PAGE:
It's true. I don't mean to climb up on a soapbox (though I will), but I've heard nearly my entire life that I'm the next generation church-goer and that "one day, all this will be yours," which comes across in a very Mufasa-prophesying-to-Simba sort of way. Problem is, I don't want all of it to be mine.
When one clergy person or another says we need more organic growth and young people. Tom! invite your friends to our Celebration of the Most Venerable St. Swithin's Earlobe Relic and Installation liturgy, I tend to nod, say sure and make a mental note not to breathe a word to my non-churchy friends. Reason being that the only thing organic about that liturgy is that St. Swithin's earlobe was supposed to decompose ages ago (but somehow, it's still here... it must be DIVINE INTERVENTION).
There have also been meetings I've attended (read: coerced with promises of food; disappointed with cheese and crackers) where church folk have said they can't understand why the parish isn't growing, despite the advertising (which is published in the daily paper) and the fliers (which were printed in black and white, dropped off at two local coffee shops, and intended for the community board hung by the bathroom) and the announcements (which were emailed... to everyone on the parish mailing list).
Why?!? Oh why, oh why can't we seem to grow?!?!?!?
ANSWER: because you never asked the young people what they are interested in doing (and your parish talent survey doesn't cut it).
So, needless to say, I've found myself at a bit of a deficit when it comes to faith-based service. And that was why my friend Sheila and I decided to coordinate a couple of outings and invite our friends.
|From left to right: Craig, my brother Willie, Michelle, Jonathan, me, my wife Amanda, Gifty, and Sheila|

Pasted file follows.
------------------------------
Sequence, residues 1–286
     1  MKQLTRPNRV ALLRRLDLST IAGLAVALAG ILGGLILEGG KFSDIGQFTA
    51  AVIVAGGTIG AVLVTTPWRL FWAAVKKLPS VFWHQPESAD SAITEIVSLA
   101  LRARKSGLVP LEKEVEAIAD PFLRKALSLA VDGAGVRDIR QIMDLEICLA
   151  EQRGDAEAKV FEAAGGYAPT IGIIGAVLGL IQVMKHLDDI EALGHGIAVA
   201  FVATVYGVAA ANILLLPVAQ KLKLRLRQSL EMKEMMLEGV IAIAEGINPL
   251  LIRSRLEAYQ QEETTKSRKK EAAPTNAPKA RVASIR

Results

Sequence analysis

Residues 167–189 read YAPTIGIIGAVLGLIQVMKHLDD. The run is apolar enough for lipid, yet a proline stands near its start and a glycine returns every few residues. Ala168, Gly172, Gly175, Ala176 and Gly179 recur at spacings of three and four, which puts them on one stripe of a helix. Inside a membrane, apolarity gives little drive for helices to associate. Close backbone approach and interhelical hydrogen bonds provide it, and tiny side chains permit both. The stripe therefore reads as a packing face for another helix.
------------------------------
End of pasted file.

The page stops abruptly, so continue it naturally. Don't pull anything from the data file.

Despite the "experimental" status, we ended up with our group of eight. And we had a great time! And it was moving...
FMSC makes a habit of telling their volunteers where the food that they are packing will be going. That particular night, it would be going to feed children in Zimbabwe. And that, it seemed, was serendipitous, since Craig had grown up there and he was able to tell us about how desperately the kids needed the food that would be sent. After we were done packing, we had the opportunity to pray over the food, so Craig took the opportunity to ask God to deliver the food safely so that it could nourish the children. He also reminded us to always remember those that go hungry. It was moving and sobering all at once.
Once we were done packing and praying, we went to go get a bite to eat ourselves. Craig told us more about Zimbabwe and how he had applied to colleges using a dial up modem. Which sent us all into nostalgia, thinking about how we had encountered the internet on AOL and the god-awful sound of that login connection (which I think of with chagrin, since I'm now writing at my dining room table with a wireless laptop faster than anything I thought was possible when AOL started). We talked about the TV shows we watched when we were kids and we talked about the Winter Olympics. Sheila's cousin Gifte told us about the first time she encountered snow (it was January, she had just stepped off the plane in Minneapolis and she realized that she had absolutely no clothes fit for a Minnesota winter). We talked about sledding and my brother said he had gone out earlier this winter and that he had come back bruised and sore after only an hour. We groaned with sarcasm and said We're getting too old for this crap!
All the while, we basked in conversation and companionship, knowing that this is how we build community; stepping out in faith and seeing the family resemblance of the Other. Community just comes as a natural consequence.
So, you have heard it said by church folk: "We need young people! We need organic growth!" But truly I say to you: give young people a garden spade and they will plant a forest.